Monday, February 8, 2010

Slow Sunday Dinner

I don't always feel like spending four hours making a simple dinner of pasta and sauteed vegetables but yesterday I did. I began at about ten in the morning by milling some coarse semolina durum wheat semolina (heron "semolina;" most semolina available in the US is made from durum wheat although semolina can be milled from rice and other grains.) into fine flour.

I'm not a big fan of pasta made with coarse semolina. It's very difficult to knead into smooth dough and usually ends up with a deeply puckered texture after it is cooked. A little puckering is good because the resulting coarse texture is interesting and helps the sauce to cling to the pasta. to to minimize pasta puckering I usually make it from Durum flour (which is the same thing as semolina, only finer) or just plain old AP flour. However, the flavor of pasta made from AP flour is not so great, so since I did not have any durum flour in the house but I did have semolina and I DO own a great grain mill I milled my own durum flour.

After I milled and mixed the flour with eggs and a little oil I let it sit for an hour before kneading to give the flour time to absorb all of the water from the eggs. I know an hour is a long time but since there was oil in recipe creating a barrier and slowing water absorption and since the flour is hard to begin with (durum does mean "hard" after all) an extended autolyse period was warranted. After an hour I put the dough in the stand mixer bowl and tried to knead it with the dough hook but it refused to come together. I'm not sure why it would not knit but I lost patience with this pretty quickly and decided to knead it by hand. After the dough was nice and smooth I stuck it a zip-lock bag and tossed it into the refrigerator to rest for a few hours.

Then I pulled out my grinder attachment ground some pork and beef, cut some mire poix and knocked together a reasonably authentic Bolognese style meat sauce. I'll let the photos run the rest of the narrative. I've already spent enough time on what is proving to be the slowest slow-food Sunday dinner I've made in a long time.



10 comments:

Carrie said...

Wait, are those all kitchenaid attachments?? I had no idea there were so many. I REALLY want the attachment that makes noodles. My hand cranked pasta machine has a hard time separating noodles and I get frustrated with it pretty quickly.

I spent a lot of time on food yesterday as well but it was all typical Superbowl food. Maybe I should have switched to pasta as my husband was up with heartburn most of the night!

Bob del Grosso said...

Carrie
Yes, I've got a meat grinder, grain mill and pasta extrusion attachment.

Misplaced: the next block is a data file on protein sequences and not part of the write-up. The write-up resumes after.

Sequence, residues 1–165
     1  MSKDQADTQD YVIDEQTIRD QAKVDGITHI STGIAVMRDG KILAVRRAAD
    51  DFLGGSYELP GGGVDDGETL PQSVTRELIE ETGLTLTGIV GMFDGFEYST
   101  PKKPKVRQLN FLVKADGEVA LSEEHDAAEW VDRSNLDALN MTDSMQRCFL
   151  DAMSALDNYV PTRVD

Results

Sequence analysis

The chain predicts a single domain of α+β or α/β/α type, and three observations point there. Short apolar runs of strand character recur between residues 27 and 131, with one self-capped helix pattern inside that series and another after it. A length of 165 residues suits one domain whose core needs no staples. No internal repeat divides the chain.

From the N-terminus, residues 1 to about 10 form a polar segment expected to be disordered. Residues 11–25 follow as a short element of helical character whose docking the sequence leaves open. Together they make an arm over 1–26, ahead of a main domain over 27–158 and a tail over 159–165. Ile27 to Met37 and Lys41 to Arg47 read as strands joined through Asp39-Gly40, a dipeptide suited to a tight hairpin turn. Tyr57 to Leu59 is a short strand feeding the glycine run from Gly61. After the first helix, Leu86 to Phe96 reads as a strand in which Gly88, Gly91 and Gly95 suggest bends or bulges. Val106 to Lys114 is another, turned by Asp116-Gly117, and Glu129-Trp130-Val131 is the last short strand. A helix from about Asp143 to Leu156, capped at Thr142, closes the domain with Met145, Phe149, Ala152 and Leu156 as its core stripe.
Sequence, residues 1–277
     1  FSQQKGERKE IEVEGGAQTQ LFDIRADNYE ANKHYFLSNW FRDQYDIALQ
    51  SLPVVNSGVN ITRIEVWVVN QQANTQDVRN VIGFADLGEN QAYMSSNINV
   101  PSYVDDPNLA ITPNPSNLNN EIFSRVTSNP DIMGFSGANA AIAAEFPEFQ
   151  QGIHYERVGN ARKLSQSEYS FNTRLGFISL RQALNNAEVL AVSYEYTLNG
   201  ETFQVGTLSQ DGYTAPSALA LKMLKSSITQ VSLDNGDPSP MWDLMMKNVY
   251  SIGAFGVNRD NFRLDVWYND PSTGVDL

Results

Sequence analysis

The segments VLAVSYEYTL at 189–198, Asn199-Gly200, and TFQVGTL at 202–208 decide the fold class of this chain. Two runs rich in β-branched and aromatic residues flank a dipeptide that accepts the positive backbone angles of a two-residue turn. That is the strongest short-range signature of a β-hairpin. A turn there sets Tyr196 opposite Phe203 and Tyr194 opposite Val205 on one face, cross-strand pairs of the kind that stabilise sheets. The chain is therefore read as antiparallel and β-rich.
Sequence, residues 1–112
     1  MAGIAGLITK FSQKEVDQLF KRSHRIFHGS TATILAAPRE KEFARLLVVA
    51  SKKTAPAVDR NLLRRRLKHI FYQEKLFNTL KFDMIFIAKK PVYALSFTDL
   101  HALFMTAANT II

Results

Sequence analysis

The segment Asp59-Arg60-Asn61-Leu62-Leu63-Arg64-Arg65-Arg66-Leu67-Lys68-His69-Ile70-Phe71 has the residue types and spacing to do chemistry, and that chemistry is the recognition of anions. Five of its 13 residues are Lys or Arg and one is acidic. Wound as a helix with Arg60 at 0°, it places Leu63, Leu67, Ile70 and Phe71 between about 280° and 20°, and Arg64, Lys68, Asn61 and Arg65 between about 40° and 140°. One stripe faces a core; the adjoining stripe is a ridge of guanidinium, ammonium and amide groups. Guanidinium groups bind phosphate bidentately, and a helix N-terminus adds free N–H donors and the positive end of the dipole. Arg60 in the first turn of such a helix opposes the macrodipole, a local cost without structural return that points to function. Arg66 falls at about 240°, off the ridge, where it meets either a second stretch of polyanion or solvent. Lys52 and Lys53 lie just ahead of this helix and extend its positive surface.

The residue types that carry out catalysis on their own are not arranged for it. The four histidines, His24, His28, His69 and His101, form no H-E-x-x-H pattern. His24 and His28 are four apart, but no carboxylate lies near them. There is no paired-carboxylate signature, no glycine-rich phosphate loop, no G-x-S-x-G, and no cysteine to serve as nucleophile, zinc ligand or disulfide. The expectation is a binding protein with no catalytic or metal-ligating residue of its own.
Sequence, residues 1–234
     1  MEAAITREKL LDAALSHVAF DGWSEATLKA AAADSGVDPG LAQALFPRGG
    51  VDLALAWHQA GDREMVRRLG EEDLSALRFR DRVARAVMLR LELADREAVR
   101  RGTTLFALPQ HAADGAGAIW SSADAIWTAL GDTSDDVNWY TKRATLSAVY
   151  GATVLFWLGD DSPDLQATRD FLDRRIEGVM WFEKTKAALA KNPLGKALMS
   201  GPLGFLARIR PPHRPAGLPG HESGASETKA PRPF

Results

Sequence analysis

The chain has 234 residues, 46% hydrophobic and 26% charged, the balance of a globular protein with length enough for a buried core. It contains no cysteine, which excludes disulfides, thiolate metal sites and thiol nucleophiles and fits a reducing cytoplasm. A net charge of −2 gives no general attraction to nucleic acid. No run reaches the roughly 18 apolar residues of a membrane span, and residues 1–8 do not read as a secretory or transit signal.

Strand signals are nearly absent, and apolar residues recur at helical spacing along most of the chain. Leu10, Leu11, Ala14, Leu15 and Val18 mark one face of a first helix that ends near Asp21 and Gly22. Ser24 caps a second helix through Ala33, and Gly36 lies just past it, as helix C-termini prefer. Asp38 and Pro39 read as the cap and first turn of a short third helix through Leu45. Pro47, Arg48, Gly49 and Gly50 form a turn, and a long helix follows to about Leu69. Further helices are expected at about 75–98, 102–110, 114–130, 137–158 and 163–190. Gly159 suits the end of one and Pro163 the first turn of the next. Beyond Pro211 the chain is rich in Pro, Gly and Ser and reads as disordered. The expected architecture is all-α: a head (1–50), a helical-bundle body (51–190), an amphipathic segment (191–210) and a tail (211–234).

The grinder is so-so, the grain mill is great and the extruder (an Xmas gift) is still in the evaluation phase.

I assume you have a roller-cutter type machine for making 'sheeted' pasta. I've been using those for years and find that they usually work best of the broader cuts. The extruder is actually no better at separating long thin strands and so far the only work around I've found is to sprinkle the stands with a light dusting of flour before they hit the counter top.

Jason Sandeman said...

I love this! I use an old fashioned rolling machine and grinder that I inherited from Nonna when she passed away. Sometimes the slow is worth it!

bob mcgee said...

Bucatini- by far, my favorite pasta.
I think it's the slurp factor.
BTW Those eggs look fantastic, just off the farm?

Bob del Grosso said...

Bob McGee
I know this is going to be hard to believe but those eggs are from Land O' Lakes. I don't know what they are doing but the color and taste is superior to any other mass produced egg. I hope no one from Land O' Lakes follows this blog. I'm not interested in endorsing them...

Leesie said...

This was a fun read and great little video, Bob. I made homemade gnocchi last week and lasagna yesterday. You've inspired me to try to make some homemade pasta. It really is easy and, although time consuming, so worth it. My mom made the best ravioli and pastas for soup and sauce.

You didn't say say -- I sure hope you enjoyed all of your hard work.

P.S. I freaking love your copper pots!

Bob del Grosso said...

Leesie
If I did not love doing it, I would not have done it.

Saffron Paisley said...

Fresh milled grains are so fantastic, really makes a difference, I think. Excellent meal, Bobby!

Joowon said...

So inspirational! Now gonna go brainstorm what to make for my slowest slow-food Sunday dinner :)

Bob del Grosso said...

Joowon,
Thank you, I'm happy you found some joy in my effort. Good luck with Sunday dinner!